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What does it mean to "uplift" a supergravity solution to higher dimensions? This is a common term used in the literature but I cannot understand it. A very common example is "uplifting d-dimensional solution to 11-dimensional supergravity or M-theory". Is there some simple example?

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An uplift is the opposite of a dimensional reduction. Take for example the relation between (the low-energy limit of) M-theory and type IIA supergravity: the former is eleven-dimensional, while the latter lives in ten dimensions. If you find a solution of M-theory, you can get its equivalent in type IIA by Kaluza-Klein reduction. For example, the eleven-dimensional metric $G_{MN}$ gives rise to the ten-dimensional metric $G_{mn}$, a gauge field $G_{m,10}$ and a scalar $\Phi=G_{10,10}$ (the dilaton). Since both descriptions are completely equivalent, one can also start in ten dimensions, solve type IIA supergravity and then construct the eleven-dimensional fields. This is referred to as "uplifting". While the details of course vary from case to case, the principle is always the same.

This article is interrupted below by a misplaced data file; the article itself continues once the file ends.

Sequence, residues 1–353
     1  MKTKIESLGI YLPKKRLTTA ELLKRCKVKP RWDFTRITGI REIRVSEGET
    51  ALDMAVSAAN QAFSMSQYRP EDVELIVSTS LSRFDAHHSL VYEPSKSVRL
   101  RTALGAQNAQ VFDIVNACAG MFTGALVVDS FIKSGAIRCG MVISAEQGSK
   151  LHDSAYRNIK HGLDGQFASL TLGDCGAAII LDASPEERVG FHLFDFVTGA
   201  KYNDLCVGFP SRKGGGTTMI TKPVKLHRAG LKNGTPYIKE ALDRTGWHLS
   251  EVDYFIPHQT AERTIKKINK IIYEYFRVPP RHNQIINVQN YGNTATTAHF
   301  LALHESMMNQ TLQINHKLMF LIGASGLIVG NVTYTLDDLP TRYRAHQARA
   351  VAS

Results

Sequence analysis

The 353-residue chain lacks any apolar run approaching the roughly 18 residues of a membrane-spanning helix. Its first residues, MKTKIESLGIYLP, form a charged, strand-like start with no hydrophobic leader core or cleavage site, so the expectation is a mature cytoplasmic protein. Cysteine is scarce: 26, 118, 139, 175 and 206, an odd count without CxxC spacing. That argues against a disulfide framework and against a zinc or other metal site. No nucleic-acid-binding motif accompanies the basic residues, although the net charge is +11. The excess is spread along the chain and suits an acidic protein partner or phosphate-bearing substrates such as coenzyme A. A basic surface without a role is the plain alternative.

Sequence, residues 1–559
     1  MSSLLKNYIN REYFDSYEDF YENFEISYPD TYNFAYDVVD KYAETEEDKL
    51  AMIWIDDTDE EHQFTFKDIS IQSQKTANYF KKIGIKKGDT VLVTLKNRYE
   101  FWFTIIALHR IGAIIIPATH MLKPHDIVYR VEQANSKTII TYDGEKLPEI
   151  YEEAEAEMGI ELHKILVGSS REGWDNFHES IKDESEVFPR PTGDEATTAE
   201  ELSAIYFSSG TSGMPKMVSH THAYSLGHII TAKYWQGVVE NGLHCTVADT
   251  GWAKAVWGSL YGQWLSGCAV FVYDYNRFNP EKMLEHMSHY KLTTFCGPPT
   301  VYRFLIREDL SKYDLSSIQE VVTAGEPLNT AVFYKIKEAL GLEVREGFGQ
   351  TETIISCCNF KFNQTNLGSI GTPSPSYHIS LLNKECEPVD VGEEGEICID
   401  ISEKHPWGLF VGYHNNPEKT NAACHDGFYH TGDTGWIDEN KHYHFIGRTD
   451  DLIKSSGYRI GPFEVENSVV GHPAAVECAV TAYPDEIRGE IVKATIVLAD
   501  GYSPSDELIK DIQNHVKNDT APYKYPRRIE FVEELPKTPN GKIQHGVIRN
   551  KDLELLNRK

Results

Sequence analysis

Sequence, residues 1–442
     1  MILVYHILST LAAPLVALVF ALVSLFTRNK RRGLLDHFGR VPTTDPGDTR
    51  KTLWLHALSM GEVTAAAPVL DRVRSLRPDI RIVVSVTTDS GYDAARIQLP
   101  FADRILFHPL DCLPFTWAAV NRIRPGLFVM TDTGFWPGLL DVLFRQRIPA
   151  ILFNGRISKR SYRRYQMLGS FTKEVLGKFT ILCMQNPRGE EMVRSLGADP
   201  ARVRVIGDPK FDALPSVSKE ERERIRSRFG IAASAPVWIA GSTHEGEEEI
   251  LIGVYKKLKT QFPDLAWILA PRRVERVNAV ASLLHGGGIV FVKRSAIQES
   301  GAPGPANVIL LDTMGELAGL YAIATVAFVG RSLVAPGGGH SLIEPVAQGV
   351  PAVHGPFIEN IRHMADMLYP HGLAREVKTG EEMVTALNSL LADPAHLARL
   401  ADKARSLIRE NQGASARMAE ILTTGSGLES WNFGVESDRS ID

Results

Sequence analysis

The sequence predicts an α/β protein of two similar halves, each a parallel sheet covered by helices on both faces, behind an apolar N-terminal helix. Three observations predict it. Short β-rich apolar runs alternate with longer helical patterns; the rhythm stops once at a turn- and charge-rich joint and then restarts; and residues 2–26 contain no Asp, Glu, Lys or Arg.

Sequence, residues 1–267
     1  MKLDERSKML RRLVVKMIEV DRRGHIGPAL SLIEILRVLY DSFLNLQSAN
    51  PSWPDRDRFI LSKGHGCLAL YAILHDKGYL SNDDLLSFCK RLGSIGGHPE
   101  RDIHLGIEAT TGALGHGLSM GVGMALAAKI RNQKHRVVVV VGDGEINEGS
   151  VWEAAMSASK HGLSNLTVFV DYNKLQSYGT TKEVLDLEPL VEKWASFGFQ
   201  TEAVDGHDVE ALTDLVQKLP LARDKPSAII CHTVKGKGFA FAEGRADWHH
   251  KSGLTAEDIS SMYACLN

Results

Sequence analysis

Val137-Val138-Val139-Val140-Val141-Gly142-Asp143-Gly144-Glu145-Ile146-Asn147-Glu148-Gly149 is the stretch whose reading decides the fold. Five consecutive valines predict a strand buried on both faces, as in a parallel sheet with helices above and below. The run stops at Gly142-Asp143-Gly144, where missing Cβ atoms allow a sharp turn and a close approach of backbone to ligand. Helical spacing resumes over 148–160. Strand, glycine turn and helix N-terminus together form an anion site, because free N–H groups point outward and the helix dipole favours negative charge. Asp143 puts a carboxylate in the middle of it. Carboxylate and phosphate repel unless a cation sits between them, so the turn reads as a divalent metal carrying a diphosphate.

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  • $\begingroup$ Thanks for your answer. I do understand well how you get the fields going from 11d to 10d I am not sure how you recombine them consistently to get the uplift. Is there a reference with some worked out example maybe? $\endgroup$ – Marion Mar 21 '15 at 22:30
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    $\begingroup$ You're welcome! It works just the same way as the reduction. You just use the formulas the other way around. You can find them both in Polchinski I and D-Branes by Johnson. $\endgroup$ – Frederic Brünner Mar 21 '15 at 22:54
  • $\begingroup$ Perfect. Thanks a lot for your answer. From a quick search on Google and on the two main SUGRA texts of Freedman VanProyen and Ortin I could not find something (maybe I did not look well). $\endgroup$ – Marion Mar 21 '15 at 23:03

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